That sense of a comic that's been doing more thinking about its reception than its construction only increases after the opening bumble. The book's big twist is that the character we follow for two thirds of the book in the belief that he's Hitler's illegitimate son is actually just some random dude, with the real son already well ensconced in the Third Reich. But it drops with a clang, seeing as the top-secret intelligence we're shown to confirm our hero's filial identity at the beginning of the book is literally some sketches Hitler did of the kid's mom in his doughboy days. Didn't anybody tell the British service (or the writers) that dude was a shitty artist? Oh, but they've "checked and double checked everything," so it's gotta be true. If only that stupid app that matches your face to a classical painting had been around in the '40s to show old Blighty what uncertain ground it tread!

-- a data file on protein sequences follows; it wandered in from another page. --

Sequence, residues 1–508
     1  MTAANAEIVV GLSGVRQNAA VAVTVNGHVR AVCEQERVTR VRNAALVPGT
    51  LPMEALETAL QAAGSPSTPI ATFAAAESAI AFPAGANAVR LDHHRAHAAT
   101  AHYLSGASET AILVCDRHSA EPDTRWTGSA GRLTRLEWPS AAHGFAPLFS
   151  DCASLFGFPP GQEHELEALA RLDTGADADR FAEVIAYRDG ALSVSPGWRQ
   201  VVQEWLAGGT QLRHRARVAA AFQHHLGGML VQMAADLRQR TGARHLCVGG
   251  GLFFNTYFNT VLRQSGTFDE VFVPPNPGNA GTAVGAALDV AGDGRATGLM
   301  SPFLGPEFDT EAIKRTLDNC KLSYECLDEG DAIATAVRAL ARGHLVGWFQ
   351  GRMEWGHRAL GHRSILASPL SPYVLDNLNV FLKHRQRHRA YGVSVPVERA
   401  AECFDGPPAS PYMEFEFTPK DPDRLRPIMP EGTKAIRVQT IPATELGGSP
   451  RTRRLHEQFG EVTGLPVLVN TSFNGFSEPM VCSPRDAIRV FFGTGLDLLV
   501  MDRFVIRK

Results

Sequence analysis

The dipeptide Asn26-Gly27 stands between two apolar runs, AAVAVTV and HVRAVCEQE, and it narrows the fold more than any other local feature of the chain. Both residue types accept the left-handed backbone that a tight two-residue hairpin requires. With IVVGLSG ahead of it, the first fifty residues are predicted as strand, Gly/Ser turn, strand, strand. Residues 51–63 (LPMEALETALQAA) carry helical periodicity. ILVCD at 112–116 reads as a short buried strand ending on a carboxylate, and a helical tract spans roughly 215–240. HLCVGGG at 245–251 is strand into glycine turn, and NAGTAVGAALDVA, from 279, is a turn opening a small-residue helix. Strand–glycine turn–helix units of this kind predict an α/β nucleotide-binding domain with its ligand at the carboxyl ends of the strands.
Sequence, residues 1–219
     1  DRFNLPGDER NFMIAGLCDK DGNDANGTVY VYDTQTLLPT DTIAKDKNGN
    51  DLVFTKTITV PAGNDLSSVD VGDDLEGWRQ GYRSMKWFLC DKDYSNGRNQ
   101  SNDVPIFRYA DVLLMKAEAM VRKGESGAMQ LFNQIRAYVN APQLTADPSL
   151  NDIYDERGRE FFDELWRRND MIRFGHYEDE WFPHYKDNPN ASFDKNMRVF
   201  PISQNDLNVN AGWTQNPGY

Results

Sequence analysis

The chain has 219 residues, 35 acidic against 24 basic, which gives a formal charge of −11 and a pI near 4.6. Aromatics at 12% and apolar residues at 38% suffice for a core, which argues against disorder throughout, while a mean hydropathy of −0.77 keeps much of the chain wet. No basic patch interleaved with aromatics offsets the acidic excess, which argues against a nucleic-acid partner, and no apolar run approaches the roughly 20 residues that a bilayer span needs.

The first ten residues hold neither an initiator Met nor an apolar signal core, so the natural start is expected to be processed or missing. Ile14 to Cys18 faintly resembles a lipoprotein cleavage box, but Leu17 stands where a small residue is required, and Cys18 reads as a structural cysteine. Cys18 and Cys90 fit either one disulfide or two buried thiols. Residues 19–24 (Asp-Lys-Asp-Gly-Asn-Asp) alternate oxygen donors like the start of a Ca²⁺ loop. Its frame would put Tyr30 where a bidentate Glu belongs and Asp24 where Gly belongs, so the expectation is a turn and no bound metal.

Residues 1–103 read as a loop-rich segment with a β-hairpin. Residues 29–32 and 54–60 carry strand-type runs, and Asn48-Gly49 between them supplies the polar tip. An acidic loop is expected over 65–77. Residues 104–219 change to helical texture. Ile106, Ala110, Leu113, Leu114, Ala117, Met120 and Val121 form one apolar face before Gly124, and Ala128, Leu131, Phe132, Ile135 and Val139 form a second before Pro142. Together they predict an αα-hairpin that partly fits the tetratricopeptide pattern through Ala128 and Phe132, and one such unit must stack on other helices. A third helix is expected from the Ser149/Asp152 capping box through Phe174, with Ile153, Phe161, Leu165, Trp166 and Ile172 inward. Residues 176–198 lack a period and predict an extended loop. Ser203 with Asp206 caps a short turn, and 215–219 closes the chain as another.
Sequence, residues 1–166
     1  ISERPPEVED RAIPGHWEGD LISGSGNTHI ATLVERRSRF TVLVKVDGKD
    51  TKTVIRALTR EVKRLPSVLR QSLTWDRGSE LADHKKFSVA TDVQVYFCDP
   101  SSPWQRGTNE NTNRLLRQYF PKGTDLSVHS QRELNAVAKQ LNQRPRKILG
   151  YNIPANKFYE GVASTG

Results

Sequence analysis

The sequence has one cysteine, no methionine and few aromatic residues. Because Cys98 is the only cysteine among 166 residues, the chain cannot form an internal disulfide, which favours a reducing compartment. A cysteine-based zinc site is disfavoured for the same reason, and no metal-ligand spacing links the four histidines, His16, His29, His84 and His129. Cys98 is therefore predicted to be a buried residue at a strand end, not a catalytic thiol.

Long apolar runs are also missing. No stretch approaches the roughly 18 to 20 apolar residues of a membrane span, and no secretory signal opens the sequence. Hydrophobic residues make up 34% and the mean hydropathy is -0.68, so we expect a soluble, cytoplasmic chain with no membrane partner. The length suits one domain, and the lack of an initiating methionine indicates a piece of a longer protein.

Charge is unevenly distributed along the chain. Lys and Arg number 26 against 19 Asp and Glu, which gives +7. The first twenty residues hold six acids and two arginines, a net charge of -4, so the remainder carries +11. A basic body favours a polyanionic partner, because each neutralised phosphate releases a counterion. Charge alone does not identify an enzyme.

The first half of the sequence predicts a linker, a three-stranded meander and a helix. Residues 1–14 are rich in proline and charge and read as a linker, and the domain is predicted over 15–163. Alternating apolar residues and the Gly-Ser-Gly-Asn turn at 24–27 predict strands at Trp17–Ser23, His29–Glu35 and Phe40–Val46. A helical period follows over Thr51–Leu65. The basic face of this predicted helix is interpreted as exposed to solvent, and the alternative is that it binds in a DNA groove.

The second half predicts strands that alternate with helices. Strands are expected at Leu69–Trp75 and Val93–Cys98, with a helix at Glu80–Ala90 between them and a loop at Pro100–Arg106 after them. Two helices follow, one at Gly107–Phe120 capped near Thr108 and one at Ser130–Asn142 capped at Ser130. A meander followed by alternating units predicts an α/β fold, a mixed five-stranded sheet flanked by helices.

It's cool though, because in the book's pulse pounding conclusion Hitler ends up... wait for it... dying in his Berlin bunker in late April 1945! This bold alternate history's, uh, alternate history ends up delineating a world where exactly nothing is changed from our own, despite the existence of the Fuhrer's love child. And again, that would be OK if getting there wasn't such a drag. At least Hitler's real kid didn't end up being the father of Donald Trump after escaping to America, which I was thinking had like a 60% chance of happening. When such an eleventh-hour twist is very much on the table, it speaks clearly to the quality of what you're reading.
How to sum up a book that fails even to sum itself up very well? Gosh, I dunno. Son of Hitler isn't something any asshole off the street could have made - there's a standard of professionalism being met (not competence, professionalism) that I'd imagine will put it across the finish line with a large percentage of the audience for such a book. And it's not howlingly tone deaf or offensive like I figured it would be when I saw the title. Mostly I just wondered why anyone bothered - which, coincidentally, is the same thought I have when America's defeat of violent nationalists in World War II gets used again by violent nationalists to justify their violent nationalism. Some trains just keep a'rolling through it all, and lazy comics are very much a part of that group.
At least they get here on time!